How virus can solve our long-term traffic woes


COVID-19 could change Brisbane roads forever.

Associate Professor Matthew Burke of Griffith University's Cities Research Institute said the pandemic could leave a lasting impact on the city's transport network in the long term if workers move to work from home permanently and more people embrace active transport.

"To me, there's just been a dramatic change in the COVID-19 lockdown period," Dr Burke said.

"With the universal shutdown, we lost a significant number of people using the transport system."

The unprecedented drop in daily commuters, now working from home instead of the office in response to COVID-19, meant roads were quieter than they had been in decades.

Dr Burke said even a one-in-six car reduction on the roads after COVID-19 would significantly change Brisbane's peak hour traffic flow.

"What's really uncertain is whether these people will continue to work from home... and if they do, it will be a major game changer for Australian traffic congestion.

"If firms start to say we're very happy with (staff) working from home, that could put a really big dint in traffic levels.

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"I'm hopeful this is the first real sign of the decentralisation of the office workforce."

The reduction in traffic could help solve the ever-growing length of commute in what is a city that is extremely spread out.

"Australian cities have a particularly bad transport and land use relationship," Dr Burke said.

He said workers, especially lower income earners priced out of inner-city real estate markets needed to travel exceptionally long distances to work each day - with a growing portion travelling 90 minutes each way.

"People are trading off a very long commute... for affordable housing," he said.

"There's a lot of distance between people's homes and their main activities.

"So COVID has been a really large shake up to this.


Associate Professor Matthew Burke of Griffith University’s Cities Research Institute Matthew Burke.
Associate Professor Matthew Burke of Griffith University’s Cities Research Institute Matthew Burke.


Dr Burke said an increase in people walking and cycling to work was also expected.

"I think we'll see cycling really grow within the city because it offers... a COVID-safe means of transport.

"Scooters will be another replacement to public transport."

He said cities like London, New York and Shanghai were already seeing these changes.

He said reduction in cars on the city's roads was also to the benefit of public transport users.

"It's amazing how fast a bus goes when it doesn't have to stop for traffic," Dr Burke said.

He said he hoped, in the face of COVID-19, to see a move towards requiring all passengers on public transport to wear face masks. But that will require increased availability of masks in shops. "There is nothing I have seen to say this is not a good idea," he said.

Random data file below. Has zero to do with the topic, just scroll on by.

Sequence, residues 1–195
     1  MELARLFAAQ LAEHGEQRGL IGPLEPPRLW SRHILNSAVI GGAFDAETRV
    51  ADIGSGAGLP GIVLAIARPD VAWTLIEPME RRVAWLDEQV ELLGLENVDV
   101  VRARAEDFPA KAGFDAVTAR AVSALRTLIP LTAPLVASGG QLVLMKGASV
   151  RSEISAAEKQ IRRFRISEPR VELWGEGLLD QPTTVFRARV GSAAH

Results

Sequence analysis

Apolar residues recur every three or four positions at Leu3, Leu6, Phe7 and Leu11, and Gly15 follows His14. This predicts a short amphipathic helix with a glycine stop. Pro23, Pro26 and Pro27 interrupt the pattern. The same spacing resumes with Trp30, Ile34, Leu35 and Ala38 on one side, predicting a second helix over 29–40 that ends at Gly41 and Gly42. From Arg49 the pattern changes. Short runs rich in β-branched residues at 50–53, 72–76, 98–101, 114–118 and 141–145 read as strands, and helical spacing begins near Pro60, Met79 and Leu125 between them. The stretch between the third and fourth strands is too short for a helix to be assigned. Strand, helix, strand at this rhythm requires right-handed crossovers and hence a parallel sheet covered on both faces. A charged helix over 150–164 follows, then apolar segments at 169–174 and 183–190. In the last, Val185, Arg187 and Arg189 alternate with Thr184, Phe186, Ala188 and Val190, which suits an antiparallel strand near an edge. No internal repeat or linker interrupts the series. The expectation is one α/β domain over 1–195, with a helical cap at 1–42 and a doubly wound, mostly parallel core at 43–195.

Dr Rebecca Michael from RACQ. Picture: AAP/Josh Woning
Dr Rebecca Michael from RACQ. Picture: AAP/Josh Woning

Meanwhile, RACQ data has revealed the average April peak hour speed on key roads has doubled due to COVID-19 traffic reductions, setting commuters up to really feel the sting once more people resume the daily drive.

RACQ Head of Public Policy Rebecca Michael said infrastructure upgrades were still needed to improve capacity, offer alternatives and relieve congestion for the population however it was tricky to tell how many people would return to the office full-time.

"Predicting where overall traffic volumes and congestion will end up in the long term is difficult, as peak hour traffic volumes may be reduced through staggered work start and finish times and working from home initiatives, while limits on passenger numbers on public transport may be offset by an increase in walking and cycling trips and proposed increases in bus and rail service frequency," she said.


Southside roads that could choke up after COVID-19

Pacific Motorway: Greenslopes into the City

Pacific Motorway/Gateway Motorway: Daisy Hill to Eight Mile Plains, start of upgrade project.

Wynnum Rd, Norman Park and Morningside: ongoing roadworks.


Northside roads that could choke up after COVID-19

Kingsford Smith Drive, Hamilton: ongoing roadworks.

Stanley Street, Woolloongabba

Hale Street / Coronation Drive

Centenary Motorway, Ipswich to Toowong

These are major traffic and freight corridors that carry significant volumes of traffic over and above their current capacity at peak times, which leads to congestion.




Originally published as Expert: Virus can solve Brisbane's long-term traffic woes